Romania trapped between the referendum and criticism from the EU

A referendum on the impeachment of President Traian Basescu will be held on 29 July in Romania. On 18 July, under pressure from the EU, the parliament changed the rules for holding the referendum and introduced a 50 per cent turnout requirement in order for the vote to be binding. The president may avoid being impeached as the referendum can be found to be invalid due to insufficient turnout.Although 68% of the voters have declared that they will vote for the impeachment, since this is the summer holiday season, turnout may still be much lower than the usual level of between 54% and 58%.

Representatives of the European Commission and EU member states have sharply criticised the personnel senior officials reshuffle and the legislative and procedural changes made in July this year by Victor Ponta’s government, which were to facilitate the removal of President Basescu from power. The European Commission has also formulated eleven requirements which it expects the Romanian government to meet. These include introducing transparent rules for the nomination of senior officials, ceasing the questioning of court decisions and respecting the Constitutional Court’s decisions. The European Commission also published on 18 July a highly critical semi-annual report as part of the EU’s Cooperation and Verification Mechanism (CVM), which monitors Romania’s progress in judicial reform and combating corruption and organised crime. The European Commission stated that the government’s actions were contrary to the principles of the democratic rule of law and undermined the independence of the judiciary, and that the Cooperation and Verification Mechanism still had to apply.





  • The government coalition is now more focused on the struggle for high turnout than on meeting EU requirements. Amendments to the referendum act are the only changes which have so far been introduced, since disregarding the recommendations concerning this issue would mean open confrontation with the European Commission. The parliament – contrary to the European Commission’s expectations –decided however to approve of the restrictions of the Constitutional Court’s competences introduced under the governmental decree.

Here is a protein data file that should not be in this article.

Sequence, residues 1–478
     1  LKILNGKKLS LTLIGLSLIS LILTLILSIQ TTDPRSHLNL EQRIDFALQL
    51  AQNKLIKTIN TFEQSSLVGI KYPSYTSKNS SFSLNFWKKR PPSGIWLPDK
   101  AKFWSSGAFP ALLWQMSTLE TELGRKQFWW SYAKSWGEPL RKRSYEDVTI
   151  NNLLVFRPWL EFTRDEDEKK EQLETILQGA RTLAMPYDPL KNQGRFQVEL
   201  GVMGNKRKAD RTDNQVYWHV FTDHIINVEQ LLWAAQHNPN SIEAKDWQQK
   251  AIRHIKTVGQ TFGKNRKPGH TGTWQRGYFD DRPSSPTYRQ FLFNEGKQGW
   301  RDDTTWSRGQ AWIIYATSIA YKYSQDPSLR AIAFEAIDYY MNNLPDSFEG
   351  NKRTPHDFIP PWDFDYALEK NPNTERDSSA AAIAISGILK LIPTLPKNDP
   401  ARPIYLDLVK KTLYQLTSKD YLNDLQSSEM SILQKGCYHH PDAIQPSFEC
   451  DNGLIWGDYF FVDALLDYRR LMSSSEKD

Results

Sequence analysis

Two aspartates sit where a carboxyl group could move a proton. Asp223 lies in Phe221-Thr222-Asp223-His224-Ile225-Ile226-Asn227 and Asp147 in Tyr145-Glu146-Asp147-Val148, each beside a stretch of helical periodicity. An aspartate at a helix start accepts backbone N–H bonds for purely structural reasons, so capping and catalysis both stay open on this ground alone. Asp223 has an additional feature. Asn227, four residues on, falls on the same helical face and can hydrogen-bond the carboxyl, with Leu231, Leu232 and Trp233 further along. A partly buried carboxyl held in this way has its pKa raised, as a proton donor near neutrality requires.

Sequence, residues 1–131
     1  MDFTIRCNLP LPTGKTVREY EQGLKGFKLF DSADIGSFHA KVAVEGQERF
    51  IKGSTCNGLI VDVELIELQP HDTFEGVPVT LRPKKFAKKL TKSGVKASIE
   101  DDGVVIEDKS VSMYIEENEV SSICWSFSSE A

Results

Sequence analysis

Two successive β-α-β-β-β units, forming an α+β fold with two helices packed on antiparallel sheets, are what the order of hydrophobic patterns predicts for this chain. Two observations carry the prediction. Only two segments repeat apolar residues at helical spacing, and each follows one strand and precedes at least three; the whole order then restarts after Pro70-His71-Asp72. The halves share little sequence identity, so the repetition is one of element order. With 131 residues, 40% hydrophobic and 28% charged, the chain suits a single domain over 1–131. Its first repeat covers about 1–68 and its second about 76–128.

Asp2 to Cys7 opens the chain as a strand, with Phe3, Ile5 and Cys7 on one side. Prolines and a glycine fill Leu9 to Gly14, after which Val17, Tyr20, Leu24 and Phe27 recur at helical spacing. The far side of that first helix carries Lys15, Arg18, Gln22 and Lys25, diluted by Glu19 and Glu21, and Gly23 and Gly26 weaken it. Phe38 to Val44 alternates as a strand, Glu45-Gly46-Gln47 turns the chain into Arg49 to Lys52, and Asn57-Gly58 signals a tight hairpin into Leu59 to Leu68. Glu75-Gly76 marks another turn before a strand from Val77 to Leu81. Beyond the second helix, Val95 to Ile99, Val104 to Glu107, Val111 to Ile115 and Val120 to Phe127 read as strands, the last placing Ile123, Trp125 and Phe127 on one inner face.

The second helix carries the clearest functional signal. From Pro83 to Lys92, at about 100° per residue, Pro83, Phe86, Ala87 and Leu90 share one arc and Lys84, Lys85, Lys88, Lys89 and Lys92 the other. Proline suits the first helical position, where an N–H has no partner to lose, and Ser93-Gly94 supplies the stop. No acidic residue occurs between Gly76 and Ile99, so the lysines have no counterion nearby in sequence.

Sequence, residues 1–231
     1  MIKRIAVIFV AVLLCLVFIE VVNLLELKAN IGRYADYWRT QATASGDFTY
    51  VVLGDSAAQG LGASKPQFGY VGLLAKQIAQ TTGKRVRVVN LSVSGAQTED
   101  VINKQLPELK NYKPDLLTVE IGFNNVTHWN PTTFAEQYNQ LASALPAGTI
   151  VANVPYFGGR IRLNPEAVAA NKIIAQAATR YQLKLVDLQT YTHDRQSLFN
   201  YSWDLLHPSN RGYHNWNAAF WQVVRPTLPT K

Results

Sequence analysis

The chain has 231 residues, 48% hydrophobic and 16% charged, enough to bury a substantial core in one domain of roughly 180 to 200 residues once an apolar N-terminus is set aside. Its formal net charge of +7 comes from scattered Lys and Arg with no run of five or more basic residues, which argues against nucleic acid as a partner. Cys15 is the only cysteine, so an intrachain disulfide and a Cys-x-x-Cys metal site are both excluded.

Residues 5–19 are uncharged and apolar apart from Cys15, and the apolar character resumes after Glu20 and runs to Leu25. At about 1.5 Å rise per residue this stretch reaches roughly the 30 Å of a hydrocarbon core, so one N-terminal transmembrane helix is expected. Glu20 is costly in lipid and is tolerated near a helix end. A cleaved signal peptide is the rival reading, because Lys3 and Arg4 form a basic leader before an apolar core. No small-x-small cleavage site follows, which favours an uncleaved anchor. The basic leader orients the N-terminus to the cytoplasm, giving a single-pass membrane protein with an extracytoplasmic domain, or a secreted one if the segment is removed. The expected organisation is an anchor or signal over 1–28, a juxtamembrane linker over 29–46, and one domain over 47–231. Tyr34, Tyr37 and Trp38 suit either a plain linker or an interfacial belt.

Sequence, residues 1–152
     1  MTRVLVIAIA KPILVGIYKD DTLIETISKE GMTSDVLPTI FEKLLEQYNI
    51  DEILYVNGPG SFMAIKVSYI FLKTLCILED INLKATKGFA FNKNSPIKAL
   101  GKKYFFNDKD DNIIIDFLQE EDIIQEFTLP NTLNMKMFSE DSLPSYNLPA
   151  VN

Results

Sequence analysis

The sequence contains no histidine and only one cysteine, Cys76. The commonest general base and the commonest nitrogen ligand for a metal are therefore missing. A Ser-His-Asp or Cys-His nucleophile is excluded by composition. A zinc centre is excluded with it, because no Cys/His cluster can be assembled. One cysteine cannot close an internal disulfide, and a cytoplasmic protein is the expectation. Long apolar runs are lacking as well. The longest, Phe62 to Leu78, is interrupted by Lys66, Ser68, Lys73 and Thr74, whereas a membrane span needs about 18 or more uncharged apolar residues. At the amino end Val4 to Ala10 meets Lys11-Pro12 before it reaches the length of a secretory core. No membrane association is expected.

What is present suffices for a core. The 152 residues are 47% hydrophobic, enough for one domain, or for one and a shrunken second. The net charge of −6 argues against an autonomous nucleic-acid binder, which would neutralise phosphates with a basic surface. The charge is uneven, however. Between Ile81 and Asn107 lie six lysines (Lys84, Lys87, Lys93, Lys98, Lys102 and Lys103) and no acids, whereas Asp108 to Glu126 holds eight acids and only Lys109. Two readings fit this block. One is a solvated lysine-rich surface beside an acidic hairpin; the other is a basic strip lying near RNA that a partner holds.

• In its efforts to ensure sufficient turnout, the government has decided to increase the number of polling stations abroad and at sea resorts, and has extended their operation time. The broadly publicised and highly emotional campaign is focused on accusing the president of reinforcing corruption links in the country and betraying the national interests. It is aimed at mobilising the electorate to take part in the vote. To add fuel to these accusations, the governing party filed a report stating that the president, the former centre-right prime ministers and opposition MPs had committed a crime, namely defamation of the state. Sharing an opinion about the situation in Romania was labelled as “spreading false information which is putting at threat the national security and stability of the Romanian economy.”
  • The government is assuming that when Traian Basescu is removed from power, it will still be possible to improve relations with EU member states and the European Commission, and to develop a better image for Romania on the international arena. However, this strategy will be doomed to failure should the referendum be invalid. If this is the case, a further escalation of the political crisis in Romania can be expected, which will continue at least until the parliamentary elections scheduled for this autumn, and relations between Bucharest and Brussels will remain bad. The unprecedented struggle between the government and the president has undermined Romania’s credibility among the international community and has also had a detrimental effect on the stability of its democratic institutions.